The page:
One Man’s Journey

Phil Kirkpatrick - Boston Strong

Phil Kirkpatrick – Boston Strong

Nashville’s Centennial Park features a one-mile path that loops around the park. On this stunning spring day in the park, parents push strollers and couples hold hands under the cornflower blue sky. Tourists whip out their iPhones to take pictures of Nashville’s very own Parthenon. Runners are a common sight – no one pays much attention to the tall blonde-haired man, although he’s already circled the park several times. This is his final run before the big day and I’m joining him for a few miles.

I ran a 5K earlier in the morning, making it challenging to keep up with him, but I don’t want to hold him back. As we run, we chat about the beautiful weather, how bad Lake Watauga smells since it’s been drained (like a pile of rotting fish), and the fact that his months of training are finally coming to an end. After a few miles, my tired legs can no longer keep up with his. I wish him good luck on the rest of the run and leave him with a container of chocolate milk from the Purity Dairy Dash. He thanks me more graciously than necessary and puts it in the carefully packed cooler in his car.

He’s training for his first Marathon, an achievement he doesn’t plan to repeat. But he does have something to prove. He’s trained hard, squeezing the training runs into his already busy schedule as a litigation attorney.

He has enjoyed the support of his girlfriend, his running coach, co-workers, colleagues, family and friends.

But the training has taken a toll.

Although he looks younger, he is 60 years old and running on two partially-replaced hips. Because of those hips, he has to be careful where he runs these long runs, the most crucial of the weekly training runs needed to get to the Marathon. After a physically and mentally draining 16 mile long run on a track (for the cushioning), he moved his long runs to Centennial Park and Belle Meade Boulevard. He fits in his hill training by running Percy Warner Park’s 5.8 mile trail before work.

He may look like an ordinary runner, but he is not.

He is a survivor.

A survivor who wasn’t running but was standing at the finish line of the 2013 Boston Marathon when the bombs went off. Along with the other surivors, he received an invitation to run the 2014 Marathon, an invitation he accepted because he knows it won’t be offered again.

You might not expect to find a survivor of the Boston Marathon bombings in Nashville, but Phil was waiting for his girlfriend Vicki to cross the finish line when the bombs went off. In addition to witnessing the horrific attack, he is living with incessant and possibly permanent hearing problems caused by the blasts.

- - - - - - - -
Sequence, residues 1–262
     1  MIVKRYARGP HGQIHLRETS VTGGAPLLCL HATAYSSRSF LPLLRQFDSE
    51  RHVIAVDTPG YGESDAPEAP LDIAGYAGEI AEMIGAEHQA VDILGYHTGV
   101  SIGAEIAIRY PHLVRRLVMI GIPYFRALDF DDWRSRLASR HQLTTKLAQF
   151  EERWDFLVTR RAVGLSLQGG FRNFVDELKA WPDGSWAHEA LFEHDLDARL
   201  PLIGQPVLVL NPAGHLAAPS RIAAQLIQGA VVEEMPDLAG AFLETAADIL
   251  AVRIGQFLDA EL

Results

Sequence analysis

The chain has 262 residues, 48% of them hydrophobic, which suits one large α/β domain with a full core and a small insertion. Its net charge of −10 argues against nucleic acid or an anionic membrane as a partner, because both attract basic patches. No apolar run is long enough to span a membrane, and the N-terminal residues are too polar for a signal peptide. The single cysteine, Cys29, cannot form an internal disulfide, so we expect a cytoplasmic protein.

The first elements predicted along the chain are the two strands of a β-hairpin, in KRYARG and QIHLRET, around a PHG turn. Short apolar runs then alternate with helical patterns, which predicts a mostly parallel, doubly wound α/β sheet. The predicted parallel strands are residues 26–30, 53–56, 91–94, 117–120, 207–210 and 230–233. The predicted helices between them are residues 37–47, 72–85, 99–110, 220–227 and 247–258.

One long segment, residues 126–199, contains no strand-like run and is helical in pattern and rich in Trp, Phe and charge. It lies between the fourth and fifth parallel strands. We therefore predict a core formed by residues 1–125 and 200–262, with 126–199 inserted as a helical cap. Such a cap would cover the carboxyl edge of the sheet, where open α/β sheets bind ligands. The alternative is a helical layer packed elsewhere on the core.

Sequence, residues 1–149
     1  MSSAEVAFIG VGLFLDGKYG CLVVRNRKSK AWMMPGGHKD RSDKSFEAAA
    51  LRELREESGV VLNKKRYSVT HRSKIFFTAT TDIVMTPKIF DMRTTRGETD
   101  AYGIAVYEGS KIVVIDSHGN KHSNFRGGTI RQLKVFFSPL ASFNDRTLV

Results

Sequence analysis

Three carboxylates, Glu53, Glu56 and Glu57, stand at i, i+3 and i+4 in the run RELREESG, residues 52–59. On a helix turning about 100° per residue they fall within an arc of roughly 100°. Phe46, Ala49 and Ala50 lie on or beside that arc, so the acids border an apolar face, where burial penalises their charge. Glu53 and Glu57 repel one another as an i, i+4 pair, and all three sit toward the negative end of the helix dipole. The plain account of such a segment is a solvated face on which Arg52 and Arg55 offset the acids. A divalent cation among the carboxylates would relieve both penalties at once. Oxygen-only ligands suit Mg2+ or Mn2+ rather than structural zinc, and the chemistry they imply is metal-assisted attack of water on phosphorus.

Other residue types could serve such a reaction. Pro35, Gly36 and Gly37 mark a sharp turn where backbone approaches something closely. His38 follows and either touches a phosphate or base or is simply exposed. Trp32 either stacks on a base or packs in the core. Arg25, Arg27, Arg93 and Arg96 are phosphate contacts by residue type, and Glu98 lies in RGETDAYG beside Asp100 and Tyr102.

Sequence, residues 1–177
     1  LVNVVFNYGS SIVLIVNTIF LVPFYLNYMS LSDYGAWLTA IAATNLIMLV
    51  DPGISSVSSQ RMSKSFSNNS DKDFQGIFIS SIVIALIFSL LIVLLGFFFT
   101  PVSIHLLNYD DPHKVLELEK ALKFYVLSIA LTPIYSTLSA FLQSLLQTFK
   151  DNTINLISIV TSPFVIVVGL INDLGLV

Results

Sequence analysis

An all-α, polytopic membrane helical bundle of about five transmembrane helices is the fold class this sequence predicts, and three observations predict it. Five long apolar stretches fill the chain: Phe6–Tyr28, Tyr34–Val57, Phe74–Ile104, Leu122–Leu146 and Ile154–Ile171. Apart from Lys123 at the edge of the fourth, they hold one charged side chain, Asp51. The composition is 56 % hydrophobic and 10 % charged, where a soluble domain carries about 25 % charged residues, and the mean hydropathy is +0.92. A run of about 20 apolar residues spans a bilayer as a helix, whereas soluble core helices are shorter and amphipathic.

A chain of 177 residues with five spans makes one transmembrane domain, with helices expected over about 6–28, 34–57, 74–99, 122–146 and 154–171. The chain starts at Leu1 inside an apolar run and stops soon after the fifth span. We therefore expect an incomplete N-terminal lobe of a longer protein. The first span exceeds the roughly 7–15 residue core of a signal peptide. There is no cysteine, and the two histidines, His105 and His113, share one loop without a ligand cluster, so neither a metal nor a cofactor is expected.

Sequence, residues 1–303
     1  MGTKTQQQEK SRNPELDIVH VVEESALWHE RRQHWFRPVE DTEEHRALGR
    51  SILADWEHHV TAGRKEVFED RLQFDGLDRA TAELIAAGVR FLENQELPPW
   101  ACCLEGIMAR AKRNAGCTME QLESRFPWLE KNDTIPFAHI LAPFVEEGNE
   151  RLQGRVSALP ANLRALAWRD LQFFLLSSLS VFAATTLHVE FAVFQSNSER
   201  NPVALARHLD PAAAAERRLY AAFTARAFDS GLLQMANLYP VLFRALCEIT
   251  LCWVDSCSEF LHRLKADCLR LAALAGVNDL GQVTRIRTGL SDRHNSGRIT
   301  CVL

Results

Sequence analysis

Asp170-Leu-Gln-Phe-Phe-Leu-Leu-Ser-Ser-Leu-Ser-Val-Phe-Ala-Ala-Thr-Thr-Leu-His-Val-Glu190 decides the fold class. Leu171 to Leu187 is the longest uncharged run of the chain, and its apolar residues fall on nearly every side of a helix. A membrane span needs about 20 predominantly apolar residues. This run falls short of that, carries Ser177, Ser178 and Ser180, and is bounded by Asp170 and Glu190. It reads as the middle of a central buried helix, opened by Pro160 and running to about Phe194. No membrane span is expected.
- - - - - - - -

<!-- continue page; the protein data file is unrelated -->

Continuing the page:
He accepted the invitation to run the Boston Marathon, despite the hips, despite the busy schedule, and despite the fact he has never before run a Marathon. In fact, he thought his running days were behind him. But he’s been training purposefully to be able to run 26.2 miles to that same finish line where the attack took place.

For runners, the Boston Marathon is the pinnacle of running accomplishment. The qualifying times are ultra strict. For a woman my age to qualify, I would have to run a marathon in 4 hours or under, which is at least an hour faster than I could ever dream of finishing.

I have friends who’ve run Boston. If I could qualify (which isn’t even a dream of mine because it’s so unrealistic) and actually run the Marathon, I would buy all the Boston Marathon gear I could possibly cram into my suitcase. Once home, I would wear it everywhere. Does a Boston Marathon warm-up jacket go with a dress and heels? Of course it does – Boston Marathon gear is the new black. Even running friends would tire of my stories that started with, “When I ran Boston…”

They say that running Boston is unlike running anywhere else, and I can’t even imagine how wonderful it would feel.

To take the Boston Marathon and turn it into a setting for terrorism was unthinkable. Last year, I watched the coverage on television, not comprehending the level of bloodshed until I realized that the sidewalk was red because it was covered in blood.

As horrifying as it was to watch on TV, I can’t imagine what it was like to be there in person and see the blood-covered bodies blown apart by the bombs. When I see Dzhokhar Tsarnaev on a magazine cover, he is the surviving perpetrator of an attack that took place hundreds of miles away. For Phil, Tsarnaev’s actions were obviously much more personal.

Phil is headed to Boston to run the Boston Marathon this week, the culmination of challenging training and an even more challenging year. He isn’t running to win the Marathon, or to set a PR, or even for the great gear, but to prove that he can.

Edited to add: Phil crossed the finish line in 5:29:09, faster than his “hoped for” time of 5:30.


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